Posted on 29 January 2018
Leading UK air quality scientists joined officials from the Department for Environment Food and Rural Affairs (Defra) to discuss research in support of the Government’s UK Clean Air Strategy. At the second National Centre for Atmospheric Science (NCAS) Air Quality Forum, experts and policy makers were brought together in Westminster to think about the priorities for air pollution research. The United Nations Environment Programme declared air pollution as the World’s worst environmental health risk, with the Royal College of Physicians estimating that it is linked to 40,000 deaths per year in the UK. The Secretary of State for the Environment, Michael Gove, has stated that the Clean Air Strategy, due to be published in 2018, will address all forms of air pollution, not just transport, delivering cleaner air for the whole country.
Defra Chief Scientific Adviser, Professor Ian Boyd, kicked off the policy forum with a challenge to the research community to consider their role in moving towards a more multidisciplinary, whole system approach to environmental issues. This set the tone for a day of discussions featuring priorities for research, dealing with uncertainty, effective science communication, and the interplay of engineering, social and physical sciences to drive innovation.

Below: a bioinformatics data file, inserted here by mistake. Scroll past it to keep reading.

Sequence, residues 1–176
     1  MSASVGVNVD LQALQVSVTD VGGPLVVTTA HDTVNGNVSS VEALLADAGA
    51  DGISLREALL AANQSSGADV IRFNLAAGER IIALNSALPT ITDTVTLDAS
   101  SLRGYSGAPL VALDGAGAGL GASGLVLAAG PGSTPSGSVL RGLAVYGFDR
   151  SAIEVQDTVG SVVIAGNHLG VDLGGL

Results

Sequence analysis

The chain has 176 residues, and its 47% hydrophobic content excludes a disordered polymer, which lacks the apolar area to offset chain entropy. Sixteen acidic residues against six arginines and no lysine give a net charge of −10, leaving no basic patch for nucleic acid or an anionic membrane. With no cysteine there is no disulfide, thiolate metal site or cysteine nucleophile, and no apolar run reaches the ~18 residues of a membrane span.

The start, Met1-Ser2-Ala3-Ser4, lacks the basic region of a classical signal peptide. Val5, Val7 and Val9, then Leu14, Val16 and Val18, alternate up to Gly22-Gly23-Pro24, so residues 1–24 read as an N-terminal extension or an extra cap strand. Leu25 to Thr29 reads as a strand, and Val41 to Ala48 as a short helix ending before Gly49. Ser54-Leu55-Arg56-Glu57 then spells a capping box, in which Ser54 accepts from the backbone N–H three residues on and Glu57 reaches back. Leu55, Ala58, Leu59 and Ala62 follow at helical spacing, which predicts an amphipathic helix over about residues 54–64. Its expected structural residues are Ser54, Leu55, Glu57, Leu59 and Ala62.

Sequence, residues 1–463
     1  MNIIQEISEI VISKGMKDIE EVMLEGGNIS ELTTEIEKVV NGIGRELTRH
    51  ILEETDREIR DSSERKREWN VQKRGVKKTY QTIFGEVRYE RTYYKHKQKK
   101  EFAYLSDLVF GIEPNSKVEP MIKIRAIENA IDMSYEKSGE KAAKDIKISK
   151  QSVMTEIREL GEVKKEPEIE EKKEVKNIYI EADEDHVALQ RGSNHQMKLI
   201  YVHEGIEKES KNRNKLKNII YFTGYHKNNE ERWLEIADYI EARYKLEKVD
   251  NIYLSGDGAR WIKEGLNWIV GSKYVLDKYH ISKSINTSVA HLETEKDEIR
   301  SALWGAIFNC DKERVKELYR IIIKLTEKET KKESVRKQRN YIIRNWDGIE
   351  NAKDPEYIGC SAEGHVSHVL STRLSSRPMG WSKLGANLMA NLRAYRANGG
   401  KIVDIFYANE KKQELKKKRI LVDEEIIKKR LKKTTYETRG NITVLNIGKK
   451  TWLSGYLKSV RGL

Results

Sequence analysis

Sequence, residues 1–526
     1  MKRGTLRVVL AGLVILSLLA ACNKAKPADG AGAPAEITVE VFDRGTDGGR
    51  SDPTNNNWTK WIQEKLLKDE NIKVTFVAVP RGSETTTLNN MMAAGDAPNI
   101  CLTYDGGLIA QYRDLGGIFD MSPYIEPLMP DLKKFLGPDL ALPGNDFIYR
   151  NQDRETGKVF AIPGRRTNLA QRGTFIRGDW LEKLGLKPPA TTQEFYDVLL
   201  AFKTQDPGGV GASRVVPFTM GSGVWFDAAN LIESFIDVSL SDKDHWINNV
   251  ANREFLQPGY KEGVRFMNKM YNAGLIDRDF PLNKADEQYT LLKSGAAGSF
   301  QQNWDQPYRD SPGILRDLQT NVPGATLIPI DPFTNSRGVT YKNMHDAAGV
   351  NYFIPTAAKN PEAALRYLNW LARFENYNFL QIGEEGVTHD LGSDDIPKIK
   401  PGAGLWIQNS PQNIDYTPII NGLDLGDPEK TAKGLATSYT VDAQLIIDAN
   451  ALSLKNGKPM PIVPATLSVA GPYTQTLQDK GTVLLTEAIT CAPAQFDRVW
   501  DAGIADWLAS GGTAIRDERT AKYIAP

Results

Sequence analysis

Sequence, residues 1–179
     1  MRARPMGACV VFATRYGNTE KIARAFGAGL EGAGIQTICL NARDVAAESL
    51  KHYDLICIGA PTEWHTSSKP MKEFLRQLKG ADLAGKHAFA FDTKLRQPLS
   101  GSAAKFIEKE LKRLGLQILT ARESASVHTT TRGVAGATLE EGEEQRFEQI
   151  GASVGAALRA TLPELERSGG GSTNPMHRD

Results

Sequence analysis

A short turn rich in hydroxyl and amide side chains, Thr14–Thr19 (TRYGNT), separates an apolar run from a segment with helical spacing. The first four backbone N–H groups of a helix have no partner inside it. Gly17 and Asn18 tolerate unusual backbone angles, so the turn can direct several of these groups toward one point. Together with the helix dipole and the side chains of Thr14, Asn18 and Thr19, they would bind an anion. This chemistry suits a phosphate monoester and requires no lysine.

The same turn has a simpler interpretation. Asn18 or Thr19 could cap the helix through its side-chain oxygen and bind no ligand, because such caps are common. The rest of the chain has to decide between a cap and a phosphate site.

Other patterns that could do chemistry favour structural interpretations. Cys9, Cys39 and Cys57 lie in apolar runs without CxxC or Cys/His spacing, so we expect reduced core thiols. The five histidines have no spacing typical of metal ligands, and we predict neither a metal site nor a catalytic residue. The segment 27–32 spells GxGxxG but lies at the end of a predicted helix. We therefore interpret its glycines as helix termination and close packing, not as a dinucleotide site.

The forum, organised by Dr Sarah Moller from the Wolfson Atmospheric Chemistry Laboratories (WACL) at the University of York, was rather different to many scientific meetings in that presentations were short, only ten minutes, and intended to stimulate discussion and challenge thinking. The aim was to initiate conversations between policy officials and experts that could lead to future collaboration and knowledge exchange.
Harriet Wallace, Defra Deputy Director for Air Quality and Industrial Emissions, introduced the attendees to the Clean Air Strategy that the Government intends to publish later this year. The presentation was followed by a lively discussion session, chaired by Professor Ally Lewis from WACL. Contributions were many and varied, with experts offering advice, challenge and evidence to support and strengthen the themes being considered for inclusion in the strategy.
Attendees included experts from UK universities, research institutes, the Joint Nature Conservation Committee, the Environment Agency, Natural England and the Met Office, as well as Defra officials and research council representatives. Dr Moller said, “I was delighted with how open everyone was to sharing views and discussing their work. This was a great opportunity to bring together communities who don’t interact as a group very often. The event seems to have been a real success". Dr Moller added “but that is just the beginning. I now need to make sure that the interactions and ideas sparked by the day’s discussions are followed up and that the potential for research impact and knowledge exchange is maximised”.